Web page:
Featured, Land Use, Randal O'Toole, Transit, Transportation, Uncategorized

O’Toole: Gov. Polis’ land-use takeover disregards how people want to live

(Editor’s note: This is first in a series on Governor Polis’ “Roadmap to Colorado’s Future: 2026)

Colorado will celebrate its 150th birthday in 2026, and to celebrate Governor Jared Polis has proposed what he thinks is a “visionary” land-use and transportation plan. In fact, it is just a tired old rehash of recent urban planning fads that are based on obsolete views of how people want to live.

The plan is partly a repackaging of a bill the governor promoted in the last session of the state legislature that would have given cities housing targets and required them to build more multifamily housing to meet those targets. The bill was defeated thanks to strong opposition from city governments that didn’t want the state to preempt their zoning powers, but that didn’t sway Polis.

The plan also includes a passenger train from Fort Collins to Pueblo “and eventually Cheyenne, WY to Albuquerque NM” plus various other public transit projects. Such projects would be supported by numerous four- and five-story apartment buildings, often known as “transit-oriented developments,” even though there isn’t much evidence that they boost transit ridership.

Since 1992, the Denver region has spent more than $10 billion (adjusted for inflation to today’s money) planning and building 60 miles of light-rail lines and 50 miles of commuter-rail lines. The region has also used hundreds of millions of dollars of tax-increment financing and affordable housing funds to subsidize the construction of scores if not hundreds of so-called transit-oriented developments in the Denver metro area.

Transit boosters claim these programs are a great success. The numbers say different. Census data show that 4.68 percent of the region’s workers commuted by transit in 1990 before any rail transit existed. As of 2019, this had increased to 4.79 percent. A tenth of a percent increase in transit’s share of commuting hardly constitutes a great success for a program that cost well over $10 billion.

Meanwhile, one of the supporters of the Polis plan says the goal is to “navigate growth without forsaking the essence of our Coloradan identity.” Yet I hardly think that the essence of the Colorado identity is living in a cramped apartment in a four- or five-story complex that happens to be on a bus or rail line.

Polis hopes to overcome the cities’ objections to state pre-emption of zoning authority by relying on carrots instead of sticks, in other words by giving cities funds to build higher-density housing. But why is such housing needed in Colorado anyway? If people wanted to live in such housing, it wouldn’t have to be subsidized. But people don’t move to Colorado from crowded cities like New York just so they can live in another crowded city whose mid-rise apartment buildings are inspired by New York’s Greenwich Village.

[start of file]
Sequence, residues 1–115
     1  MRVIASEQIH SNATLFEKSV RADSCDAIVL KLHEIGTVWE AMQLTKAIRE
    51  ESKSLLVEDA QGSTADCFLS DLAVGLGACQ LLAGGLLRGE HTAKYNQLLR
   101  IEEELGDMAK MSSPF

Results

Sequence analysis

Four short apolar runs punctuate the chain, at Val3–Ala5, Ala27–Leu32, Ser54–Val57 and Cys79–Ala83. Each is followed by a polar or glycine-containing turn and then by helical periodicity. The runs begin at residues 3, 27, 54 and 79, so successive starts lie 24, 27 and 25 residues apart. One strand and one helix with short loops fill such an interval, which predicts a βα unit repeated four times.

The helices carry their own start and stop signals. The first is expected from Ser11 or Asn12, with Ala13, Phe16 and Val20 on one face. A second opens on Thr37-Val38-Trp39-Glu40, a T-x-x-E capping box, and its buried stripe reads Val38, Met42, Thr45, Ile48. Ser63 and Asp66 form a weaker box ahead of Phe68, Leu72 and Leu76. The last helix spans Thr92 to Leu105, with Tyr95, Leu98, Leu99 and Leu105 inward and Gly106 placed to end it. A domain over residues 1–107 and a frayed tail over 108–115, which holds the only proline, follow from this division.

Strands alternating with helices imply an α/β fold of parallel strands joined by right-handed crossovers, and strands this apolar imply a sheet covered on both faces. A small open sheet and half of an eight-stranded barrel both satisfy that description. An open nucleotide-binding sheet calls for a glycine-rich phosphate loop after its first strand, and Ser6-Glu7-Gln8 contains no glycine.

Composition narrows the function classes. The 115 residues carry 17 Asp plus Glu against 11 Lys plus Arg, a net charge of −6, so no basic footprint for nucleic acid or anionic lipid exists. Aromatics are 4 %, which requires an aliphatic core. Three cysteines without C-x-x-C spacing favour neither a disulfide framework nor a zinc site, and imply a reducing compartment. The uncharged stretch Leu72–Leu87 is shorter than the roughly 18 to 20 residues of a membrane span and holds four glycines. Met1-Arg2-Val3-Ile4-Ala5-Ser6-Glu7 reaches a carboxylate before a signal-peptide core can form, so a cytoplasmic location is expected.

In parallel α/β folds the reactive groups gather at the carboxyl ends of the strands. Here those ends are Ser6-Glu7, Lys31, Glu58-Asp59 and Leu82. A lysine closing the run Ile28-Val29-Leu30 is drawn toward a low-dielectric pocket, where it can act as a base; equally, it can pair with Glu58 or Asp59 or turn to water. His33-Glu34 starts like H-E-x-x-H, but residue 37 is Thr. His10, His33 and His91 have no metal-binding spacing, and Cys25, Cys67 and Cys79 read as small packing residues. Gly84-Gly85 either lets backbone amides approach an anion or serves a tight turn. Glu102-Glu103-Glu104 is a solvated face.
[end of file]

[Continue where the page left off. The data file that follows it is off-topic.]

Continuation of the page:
Misreading the data

Urban-rural data from the 2020 census found that 86 percent of Colorado residents live in urban areas that cover just 1.5 percent of the state. While 2020 census criteria counted some communities of as many as 5,000 people as “rural,” even redefining such communities as urban leaves 98 percent of the state as rural.

Packing people into high-density housing is necessary because “Between 1982 and 2017, Colorado lost over 25% of its agricultural cropland,” Polis’ report warns. “In the same time period, the size of urban and built-up areas grew faster than population.” That’s an incredibly deliberate misreading of the data.

Colorado has a total of 66.4 million acres. According to the 2017 Natural Resource Inventory, which is the source of the report’s cropland/developed numbers, developed lands (not all of which are urban) in Colorado grew from more than 1.2 million acres to under 2.0 million acres between 1982 and 2017 for a net growth of 772,000 acres. Meanwhile, croplands declined from 10.5 million to 8.0 million for a net decline of 2.5 million. Obviously, development was responsible for at most 30 percent of this decline.

In fact, it wasn’t even the cause of that much. Instead, farmers put 1.7 million acres of croplands into conservation reserves. Another 0.6 million acres became pasturelands. Other rural areas grew by nearly 150,000 acres. These changes account for 95 percent of the decline of croplands. As I’ve previously shown, the real reason croplands declined was that American farms were so much more productive in 2017 than they had been in 1982 that farmers could feed Americans, export food to other countries, and grow corn for ethanol and cotton for clothing on fewer acres despite the nation’s population growth.

The report’s deceptive implication that development was somehow responsible for a 25 percent decline in croplands is used to justify maintaining the urban-growth boundaries and other rural land restrictions that have made housing expensive in Denver, Boulder, and other Colorado urban areas. If Polis were seriously interested in making housing affordable, he would propose legislation to take away the power of regional and local governments to impose such restrictions.

If that happened, then perhaps 2.5 percent of Colorado will be urbanized in the foreseeable future. That is a small price to pay for more affordable housing. Unfortunately, Polis has been swayed by the smart-growth movement that wants to force Americans to live in high-density housing no matter what the cost.

Randal O’Toole is a land-use and transportation policy analyst.  A version of this article originally appeared in his blog, TheAntiplanner.  


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